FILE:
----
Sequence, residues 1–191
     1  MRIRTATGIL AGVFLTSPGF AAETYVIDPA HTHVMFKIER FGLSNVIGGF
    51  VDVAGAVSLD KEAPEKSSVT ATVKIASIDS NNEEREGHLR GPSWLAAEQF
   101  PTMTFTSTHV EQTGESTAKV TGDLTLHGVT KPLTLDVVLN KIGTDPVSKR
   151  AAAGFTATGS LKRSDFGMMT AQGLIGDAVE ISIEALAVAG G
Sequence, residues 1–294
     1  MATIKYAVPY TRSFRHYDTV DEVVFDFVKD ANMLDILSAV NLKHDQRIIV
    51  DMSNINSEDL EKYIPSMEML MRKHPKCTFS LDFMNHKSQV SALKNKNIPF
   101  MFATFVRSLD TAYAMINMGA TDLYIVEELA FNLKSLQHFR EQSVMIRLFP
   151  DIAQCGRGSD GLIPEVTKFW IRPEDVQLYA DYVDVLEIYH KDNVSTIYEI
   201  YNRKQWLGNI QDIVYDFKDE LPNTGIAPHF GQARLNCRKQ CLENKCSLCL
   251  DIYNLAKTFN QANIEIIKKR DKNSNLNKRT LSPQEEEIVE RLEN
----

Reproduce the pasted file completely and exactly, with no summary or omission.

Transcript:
Sequence, residues 1–191
     1  MRIRTATGIL AGVFLTSPGF AAETYVIDPA HTHVMFKIER FGLSNVIGGF
    51  VDVAGAVSLD KEAPEKSSVT ATVKIASIDS NNEEREGHLR GPSWLAAEQF
   101  PTMTFTSTHV EQTGESTAKV TGDLTLHGVT KPLTLDVVLN KIGTDPVSKR
   151  AAAGFTATGS LKRSDFGMMT AQGLIGDAVE ISIEALAVAG G
Sequence, residues 1–294
     1  MATIKYAVPY TRSFRHYDTV DEVVFDFVKD ANMLDILSAV NLKHDQRIIV
    51  DMSNINSEDL EKYIPSMEML MRKHPKCTFS LDFMNHKSQV SALKNKNIPF
   101  MFATFVRSLD TAYAMINMGA TDLYIVEELA FNLKSLQHFR EQSVMIRLFP
   151  DIAQCGRGSD GLIPEVTKFW IRPEDVQLYA DYVDVLEIYH KDNVSTIYEI
   201  YNRKQWLGNI QDIVYDFKDE LPNTGIAPHF GQARLNCRKQ CLENKCSLCL
   251  DIYNLAKTFN QANIEIIKKR DKNSNLNKRT LSPQEEEIVE RLEN